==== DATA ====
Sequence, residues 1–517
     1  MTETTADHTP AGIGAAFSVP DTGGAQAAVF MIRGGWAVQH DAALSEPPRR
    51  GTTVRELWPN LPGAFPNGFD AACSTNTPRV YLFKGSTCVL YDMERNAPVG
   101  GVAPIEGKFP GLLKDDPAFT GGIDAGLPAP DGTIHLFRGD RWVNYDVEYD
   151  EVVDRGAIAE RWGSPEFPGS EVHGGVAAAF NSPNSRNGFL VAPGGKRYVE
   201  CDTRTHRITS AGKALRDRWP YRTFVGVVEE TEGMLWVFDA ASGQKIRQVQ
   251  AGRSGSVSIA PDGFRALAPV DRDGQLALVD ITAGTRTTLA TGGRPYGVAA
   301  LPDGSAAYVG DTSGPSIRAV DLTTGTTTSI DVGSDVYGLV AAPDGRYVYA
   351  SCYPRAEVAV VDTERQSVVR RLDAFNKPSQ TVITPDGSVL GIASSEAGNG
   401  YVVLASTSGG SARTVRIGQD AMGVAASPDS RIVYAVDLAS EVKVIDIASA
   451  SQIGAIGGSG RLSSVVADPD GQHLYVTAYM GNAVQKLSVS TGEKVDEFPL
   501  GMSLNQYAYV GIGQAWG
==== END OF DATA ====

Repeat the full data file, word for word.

Sequence, residues 1–517
     1  MTETTADHTP AGIGAAFSVP DTGGAQAAVF MIRGGWAVQH DAALSEPPRR
    51  GTTVRELWPN LPGAFPNGFD AACSTNTPRV YLFKGSTCVL YDMERNAPVG
   101  GVAPIEGKFP GLLKDDPAFT GGIDAGLPAP DGTIHLFRGD RWVNYDVEYD
   151  EVVDRGAIAE RWGSPEFPGS EVHGGVAAAF NSPNSRNGFL VAPGGKRYVE
   201  CDTRTHRITS AGKALRDRWP YRTFVGVVEE TEGMLWVFDA ASGQKIRQVQ
   251  AGRSGSVSIA PDGFRALAPV DRDGQLALVD ITAGTRTTLA TGGRPYGVAA
   301  LPDGSAAYVG DTSGPSIRAV DLTTGTTTSI DVGSDVYGLV AAPDGRYVYA
   351  SCYPRAEVAV VDTERQSVVR RLDAFNKPSQ TVITPDGSVL GIASSEAGNG
   401  YVVLASTSGG SARTVRIGQD AMGVAASPDS RIVYAVDLAS EVKVIDIASA
   451  SQIGAIGGSG RLSSVVADPD GQHLYVTAYM GNAVQKLSVS TGEKVDEFPL
   501  GMSLNQYAYV GIGQAWG